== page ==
The Mines Gaspé property hosts multiple Cu-Mo skarn and porphyry orebodies and is located adjacent to the town of Murdochville in the northeastern part of the Gaspé Peninsula, Québec. Both types of orebodies occur within the zoned Copper Brook and overlapping Porphyry Mountain alteration aureoles in calcareous Lower Devonian sedimentary rocks. The strata are intruded by numerous multiphase porphyry sills, dykes, and plugs of Devonian age. Underground and open pit mining at Mines Gaspé ceased in1999 after 141 Mt of 0.9% Cu-equivalent had been extracted from two open pits and eight underground mining areas within the Copper Mountain and Needle deposits. The Porphyry Mountain deposit is the most promising undeveloped resource on the property, containing 437 Mt of ore at 0.89% Cu-equivalent. The Porphyry Mountain intrusion and a sill in the Copper Mountain pit have been dated at 378.80 ± 0.57 Ma and 377.60 ± 0.62 Ma, which better constrains the timing of intrusions at Mines Gaspé than previous studies. Epidote UPb ages at Mines Gaspé overlap within error from 367–352 Ma. Epidote at Mines Gaspé is ~10 million years younger than the Porphyry Mountain intrusion. The time period between the Porphyry Mountain intrusion and epidote formation, as well as the range in epidote ages suggests that the Mines Gaspé system was active for a protracted period of time and more than one generation of epidote is likely, similar to the multiphase occurrence of intrusive units.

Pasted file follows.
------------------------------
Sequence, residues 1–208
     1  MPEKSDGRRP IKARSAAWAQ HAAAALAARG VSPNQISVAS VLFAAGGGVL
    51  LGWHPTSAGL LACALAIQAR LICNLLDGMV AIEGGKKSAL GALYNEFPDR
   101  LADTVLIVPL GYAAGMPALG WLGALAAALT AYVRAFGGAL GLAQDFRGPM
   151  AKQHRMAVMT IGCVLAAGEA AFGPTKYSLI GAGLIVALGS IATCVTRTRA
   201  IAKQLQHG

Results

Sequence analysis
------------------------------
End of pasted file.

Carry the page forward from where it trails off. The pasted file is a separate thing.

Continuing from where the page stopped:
Laser ablation inductively coupled plasma mass spectrometry (LA-ICP-MS) analyses 
of epidote and chlorite from within and between the Copper Mountain and Porphyry Mountain deposits have identified major and trace element spatial variations in mineral chemistry. Epidote analyses show the highest values of Mg, U, Zr, Ti/Co, U/Co, Mg/Sb, and Mg/Zn proximal and As, Mn, Sr, Sr/U, As/U distal to the Porphyry Mountain deposit. Chlorite analyses show the highest values of Li, Ti, V, Ti/Co, Ti/Sb, V/Co, and Zn/Mg proximal and Mn, Zn, Zn/Li, and Zn/V distal to the Porphyry Mountain deposit.

Trace element concentrations in epidote and chlorite show a geochemical footprint surrounding the Porphyry Mountain deposit that allows for the use of mineral chemistry as a tool for vectoring towards porphyry-style mineralisation at Mines Gaspé.